I  remember thinking as a child that material things were very important.  I'll never forget racing into the house when I was a young lad, very excited.  "You should've seen Mark's room," I shouted as I bolted through the door leaving muddy footprints on the carpet.
"So what Johnny?" Brian shrugged his shoulders. "Mom's going to pulverize you for tracking mud all over the place."
"I'll clean it up big brother," I said. "Anyway Mark has this far out twenty-five inch color television set with a VCR. He's got a telephone, a huge stereo system and all kinds of high tech games and a computer to do his homework on."
"Don't impress me none," Brian said, springing to his feet to turn off the twelve inch black and white T V set.
"It don't impress you any," I sputtered. "I'd give anything to have a room like his."
"You're not that dumb," Brian snapped. "You know Mom and Dad can't afford any of those things."
"How well I know," I said, plopping down in the old worn out red and green checked chair. "Mark's Dad must be rich."
"Rich is just a figure of speech," Brian said seriously. "People are rich in different ways."
"I don't know why I bother talking to you," I yelled. "You're either rich or you're poor."
"I'm sorry you don't understand what I'm trying to tell you." Brian said, grabbing his books and leaving the room. "You should listen to the sermons more at church instead of sleeping through them."
I ejected from my chair and turned on the T V set wishing it had color and a big screen like Marks did. I squinted my eyes trying to focus in on the small figures; people were dashing back and forth on the busy street.
"It's time to eat," Mom shouted from the kitchen. Her voice penetrating my thoughts.
"Dad, you should've seen Mark's room," I said. When Brian butted in not letting me finish.
"Would you pass the bread Mom?" Brian asked in his super polite way. He always had to be so unnatural perfect.
"Dad," I said, trying again to tell about Mark's room when Brian rudely interrupted me.
"Are we still going to the fishing hole tomorrow Dad?" Brian asked. "I always enjoy going even though we never catch anything."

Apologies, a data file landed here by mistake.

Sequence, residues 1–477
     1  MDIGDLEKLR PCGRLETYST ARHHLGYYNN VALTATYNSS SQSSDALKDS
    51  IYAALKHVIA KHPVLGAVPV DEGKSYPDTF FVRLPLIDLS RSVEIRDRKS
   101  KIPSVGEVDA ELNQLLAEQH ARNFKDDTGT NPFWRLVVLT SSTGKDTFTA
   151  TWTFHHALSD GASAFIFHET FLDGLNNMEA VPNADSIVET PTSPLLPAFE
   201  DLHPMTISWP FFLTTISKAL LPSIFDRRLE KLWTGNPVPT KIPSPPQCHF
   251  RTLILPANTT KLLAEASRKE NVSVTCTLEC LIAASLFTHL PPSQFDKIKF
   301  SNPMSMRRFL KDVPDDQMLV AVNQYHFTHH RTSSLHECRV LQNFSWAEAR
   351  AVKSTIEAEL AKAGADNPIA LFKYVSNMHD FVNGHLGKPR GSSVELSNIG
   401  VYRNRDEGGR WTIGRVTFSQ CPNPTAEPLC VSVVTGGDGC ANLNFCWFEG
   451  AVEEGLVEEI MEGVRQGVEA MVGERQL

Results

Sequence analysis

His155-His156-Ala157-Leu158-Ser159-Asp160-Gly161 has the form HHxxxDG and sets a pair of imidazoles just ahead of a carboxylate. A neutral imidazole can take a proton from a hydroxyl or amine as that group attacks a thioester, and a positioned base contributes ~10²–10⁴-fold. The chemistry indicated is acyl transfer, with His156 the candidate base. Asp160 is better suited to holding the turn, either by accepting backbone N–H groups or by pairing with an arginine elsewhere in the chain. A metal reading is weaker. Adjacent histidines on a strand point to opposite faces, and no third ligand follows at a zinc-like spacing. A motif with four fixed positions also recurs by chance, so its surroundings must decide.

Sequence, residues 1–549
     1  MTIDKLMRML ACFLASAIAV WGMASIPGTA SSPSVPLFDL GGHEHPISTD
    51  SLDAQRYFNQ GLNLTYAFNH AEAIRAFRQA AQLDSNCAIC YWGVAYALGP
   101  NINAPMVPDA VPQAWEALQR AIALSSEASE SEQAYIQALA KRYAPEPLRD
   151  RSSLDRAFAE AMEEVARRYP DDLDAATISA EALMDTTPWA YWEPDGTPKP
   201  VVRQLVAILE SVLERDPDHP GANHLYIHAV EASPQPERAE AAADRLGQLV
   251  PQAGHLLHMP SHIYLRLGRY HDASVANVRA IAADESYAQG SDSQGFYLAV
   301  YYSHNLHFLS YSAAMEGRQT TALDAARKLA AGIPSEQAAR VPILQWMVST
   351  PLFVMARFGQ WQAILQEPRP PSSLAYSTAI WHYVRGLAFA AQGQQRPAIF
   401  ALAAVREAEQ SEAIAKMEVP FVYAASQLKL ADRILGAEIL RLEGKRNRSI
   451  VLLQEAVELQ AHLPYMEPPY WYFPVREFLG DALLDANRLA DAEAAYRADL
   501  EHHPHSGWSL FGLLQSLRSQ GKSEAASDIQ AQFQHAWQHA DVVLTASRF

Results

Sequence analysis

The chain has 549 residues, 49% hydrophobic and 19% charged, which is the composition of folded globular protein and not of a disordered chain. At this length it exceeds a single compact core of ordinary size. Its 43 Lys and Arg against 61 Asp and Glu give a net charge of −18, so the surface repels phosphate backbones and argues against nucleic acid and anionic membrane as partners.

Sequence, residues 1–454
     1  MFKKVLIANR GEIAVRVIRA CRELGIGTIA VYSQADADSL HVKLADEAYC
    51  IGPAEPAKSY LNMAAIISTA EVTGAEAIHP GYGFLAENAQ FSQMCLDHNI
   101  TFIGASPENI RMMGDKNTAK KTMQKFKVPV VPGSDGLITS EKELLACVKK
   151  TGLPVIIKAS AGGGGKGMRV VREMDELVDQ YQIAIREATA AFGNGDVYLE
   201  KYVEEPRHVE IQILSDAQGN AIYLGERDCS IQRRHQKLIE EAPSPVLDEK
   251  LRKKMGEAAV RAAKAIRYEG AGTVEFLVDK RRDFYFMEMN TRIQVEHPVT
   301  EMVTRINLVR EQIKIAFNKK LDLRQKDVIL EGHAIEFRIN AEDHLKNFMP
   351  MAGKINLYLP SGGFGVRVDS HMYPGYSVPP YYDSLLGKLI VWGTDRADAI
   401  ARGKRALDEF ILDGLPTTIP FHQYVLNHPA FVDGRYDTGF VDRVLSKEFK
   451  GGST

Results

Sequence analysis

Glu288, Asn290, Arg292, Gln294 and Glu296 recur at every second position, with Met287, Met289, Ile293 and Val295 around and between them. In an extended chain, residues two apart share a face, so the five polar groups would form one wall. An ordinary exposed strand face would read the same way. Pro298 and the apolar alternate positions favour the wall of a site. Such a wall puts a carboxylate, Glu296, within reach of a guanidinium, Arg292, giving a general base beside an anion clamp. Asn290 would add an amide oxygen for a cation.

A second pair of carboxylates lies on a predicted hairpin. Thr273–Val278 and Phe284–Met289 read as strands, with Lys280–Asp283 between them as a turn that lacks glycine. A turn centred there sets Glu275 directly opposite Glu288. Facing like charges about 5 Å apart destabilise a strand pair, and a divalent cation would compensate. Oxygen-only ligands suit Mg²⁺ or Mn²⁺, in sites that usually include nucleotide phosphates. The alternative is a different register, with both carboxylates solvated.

"Sure," Dad answered. Seeming to be pleased Brian wanted to go to that briar covered, muddy, stinking fishing hole. About the only thing in that pond were carp, suckers and just old trash fish. It might've had one bass swimming in it but I doubt it.
What's the use I thought sitting with my head almost in my plate gulping down my food. Brian's not going to let me get a word in edgewise.
"You shouldn't eat so fast Johnny," Mom said as I pushed my chair away from the table. "You'll get indigestion."
"Johnny," Dad said. "Mom needs bread for breakfast in the morning. Would you mind running down to Mr. Murphy's market and picking up a loaf?"
"No, I don't mind," I muttered, thinking it wouldn't hurt Brian to run an errand once in awhile.
The market was crowded. It was Saturday and payday for everyone who worked at the mill. They were all gathered in a tight group like a bunch of peas crammed into an over stuffed pod waiting for Mr. Murphy to cash their checks. One man stood off by himself propped up against the wall. He was much younger than the ones cluttered in the group.
"What's your name?" He asked, his dark blue eyes looking straight at me. "I'm Rob Pruitt and I'm new in town."
"That's nice," I said, feeling ridiculous. My mind just wouldn't register anything else to say. "I'm Johnny Quillen it's good to meet you."
"I live in the one room apartment over this market," Mr. Pruitt said. "It's small but how much room does one man need?"
"Does it have a T V?" I asked. "There's a great concert coming on tomorrow night and I can't wait to see it."
"No," Mr. Pruitt answered. "I don't really mind though. There are so many other things to enjoy like watching these men cashing their checks. They've worked hard all week and it really means something to them. That's true life son and TV is mostly fiction."
"You should see my friends room," I gloated; glad I was finally getting to express my feelings about Mark's room. "It's filled with all these modern contraptions. Any kid would give his eye teeth to have a room like that."
"I use to own all that and more," Mr. Pruitt's smiled. "It didn't make me happy, though. My father gave me a desk job at the company he owns. I decided I wanted to be a minister and I enjoy working with these people."
"Wow!" I said, "You had to be nuts to give all that up," I exclaimed. "I'm sorry, I shouldn't have made that statement," I said in the next breath. "I didn't mean you shouldn't want to be a minister."
"I'm not nuts," he assured me smiling as he spoke. "Do you know anyone that doesn't have all these elaborate things you just described? People who only have the bare essentials yet they're happy."
Mom, Dad and Brian, I thought, hanging my head feeling ashamed. That's why Brian kept interrupting me at supper. He didn't want me to tell about Mark's room. He knew Mom and Dad gave us all they could afford. While I sat there acting dumb and not once thinking about their feelings.
"I think I can see what you're saying Mr. Pruitt," I smiled and reached out to shake the hand of this stranger who had put a new perspective on what was really important in our lives.
That day I learn the difference in having a family that loved me and that material things weren't that important at all. It's a lesson that has stayed with me all these years. I often think about how wise that young minister was that I met at Murphy's Market years ago.

Copyright © 1998  Jo Ann Lovelace. All Rights Reserved.